What’s it all about?

Trump’s efforts to overturn the 2020 election result in the Peach State.

President Biden carried Georgia by fewer than 12,000 votes, becoming the first Democratic presidential nominee to win the state since former President Clinton in 1992.

One of the more notable decisions by Willis was to charge Trump and his 18 co-defendants under her state’s RICO statutes — laws originally designed for use against organized crime.

The indictment covers several separate but related matters. 

These include Trump’s notorious call to Georgia Secretary of State Brad Raffensperger (R) Jan. 2, 2021, in which the then-president pressured Raffensperger to “find” just enough votes to wipe out Biden’s margin of victory. 

Also in the crosshairs are meetings that Trump’s lawyers and other allies, including former New York City Mayor Rudy Giuliani (R), had with members of the Georgia state House and state Senate, hoping to get them to intervene. The indictment also includes a plan to put forth a slate of unauthorized pro-Trump electors who would have had the effect of overturning the voters’ verdict.

A charge for filing false documents looks especially perilous for Trump. 

The indictment alleges that he and attorney John Eastman submitted a court filing for “injunctive relief” at the end of 2020, despite “having reason to know” that the document was riddled with false statements.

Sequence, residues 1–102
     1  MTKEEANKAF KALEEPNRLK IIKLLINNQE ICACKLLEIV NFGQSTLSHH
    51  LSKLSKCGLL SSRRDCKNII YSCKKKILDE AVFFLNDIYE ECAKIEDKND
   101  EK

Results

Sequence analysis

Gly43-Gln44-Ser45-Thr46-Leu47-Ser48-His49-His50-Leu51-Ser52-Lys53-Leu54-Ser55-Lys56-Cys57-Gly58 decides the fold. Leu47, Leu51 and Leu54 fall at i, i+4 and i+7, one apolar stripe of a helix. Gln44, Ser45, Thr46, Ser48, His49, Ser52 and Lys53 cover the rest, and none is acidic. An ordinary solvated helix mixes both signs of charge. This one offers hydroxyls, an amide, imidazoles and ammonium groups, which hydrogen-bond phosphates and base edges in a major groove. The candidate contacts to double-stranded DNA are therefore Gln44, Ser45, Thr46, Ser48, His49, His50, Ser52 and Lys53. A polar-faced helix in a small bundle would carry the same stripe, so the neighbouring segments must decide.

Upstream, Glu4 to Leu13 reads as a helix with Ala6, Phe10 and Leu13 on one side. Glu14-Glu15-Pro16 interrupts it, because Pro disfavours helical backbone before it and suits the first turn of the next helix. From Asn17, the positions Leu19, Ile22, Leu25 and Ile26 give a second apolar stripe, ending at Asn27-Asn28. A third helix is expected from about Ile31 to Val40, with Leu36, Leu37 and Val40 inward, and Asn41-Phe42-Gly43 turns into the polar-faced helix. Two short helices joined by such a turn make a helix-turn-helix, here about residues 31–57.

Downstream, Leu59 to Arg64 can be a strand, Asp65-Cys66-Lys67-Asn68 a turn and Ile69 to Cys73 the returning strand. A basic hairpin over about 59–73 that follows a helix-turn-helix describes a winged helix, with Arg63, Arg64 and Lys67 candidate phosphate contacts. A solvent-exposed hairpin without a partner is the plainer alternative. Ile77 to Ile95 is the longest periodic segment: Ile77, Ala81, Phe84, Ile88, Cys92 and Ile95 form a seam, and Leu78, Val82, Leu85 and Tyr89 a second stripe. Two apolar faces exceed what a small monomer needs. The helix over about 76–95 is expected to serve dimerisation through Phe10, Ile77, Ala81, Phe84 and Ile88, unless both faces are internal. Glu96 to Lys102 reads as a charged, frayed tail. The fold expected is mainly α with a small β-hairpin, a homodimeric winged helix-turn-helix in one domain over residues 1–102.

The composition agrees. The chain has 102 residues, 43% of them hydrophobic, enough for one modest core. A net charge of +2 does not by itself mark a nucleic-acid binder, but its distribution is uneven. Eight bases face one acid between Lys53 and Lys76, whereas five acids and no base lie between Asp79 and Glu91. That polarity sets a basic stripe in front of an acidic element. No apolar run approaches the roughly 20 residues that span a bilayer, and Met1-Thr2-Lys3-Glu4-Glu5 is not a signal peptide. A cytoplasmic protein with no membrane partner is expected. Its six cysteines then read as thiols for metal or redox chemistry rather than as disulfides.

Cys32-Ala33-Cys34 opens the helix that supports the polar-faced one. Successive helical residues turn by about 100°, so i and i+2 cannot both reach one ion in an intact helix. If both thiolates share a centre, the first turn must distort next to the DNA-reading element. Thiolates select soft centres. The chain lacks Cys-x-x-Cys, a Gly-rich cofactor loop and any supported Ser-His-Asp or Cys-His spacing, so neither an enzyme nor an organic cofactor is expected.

Trump Danger Ranking: 2

Trump’s defenders have sought to cast this as an indictment infringing upon his right to free speech. But that’s not really true — he is being indicted for actions, such as trying to persuade Raffensperger to step in, or submitting the allegedly mendacious legal filing.

Legal experts are divided on whether there is some modicum of defense for Trump in his argument that he believed his claims to be accurate.

The gravest danger might be a more practical one. Unlike the two federal cases brought by Smith, Trump cannot do much about his plight in Georgia even if he were elected president again. The state is sovereign in the matter, and even its governor does not have pardon power. 

Meanwhile, the other state-level case against Trump, in New York, is nowhere near as strong.

Federal case on 2020 election, Jan. 6 Capitol riot

The basics

Trump is charged with four counts: conspiracy to defraud the United States, conspiracy against rights, and two charges relating to obstruction of an official proceeding. He is the sole person named in the indictment, though it also lists six unnamed and unindicted co-conspirators.

Lead prosecutor

Special counsel Jack Smith

What’s it all about?

The attempt by Trump and his allies to overturn the 2020 election, which reached its nadir with the Jan. 6, 2021, riot at the Capitol: More than 100 police officers were injured, lawmakers fled in fear of their lives and some protestors declared their desire to hang then-Vice President Mike Pence.

The 45-page indictment begins by seeking to draw a distinction between Trump’s First Amendment right to argue the election was conducted unfairly and the alleged criminality inherent in going forward with plans to overturn it.

Into the latter category are included allegations such as using “knowingly false claims of election fraud to get state legislators and election officials to subvert the legitimate election results”; organizing fraudulent slates of electors in seven key states; pressuring Pence to refuse to certify the results; and seeking to use the Justice Department “to conduct sham election crime investigations.”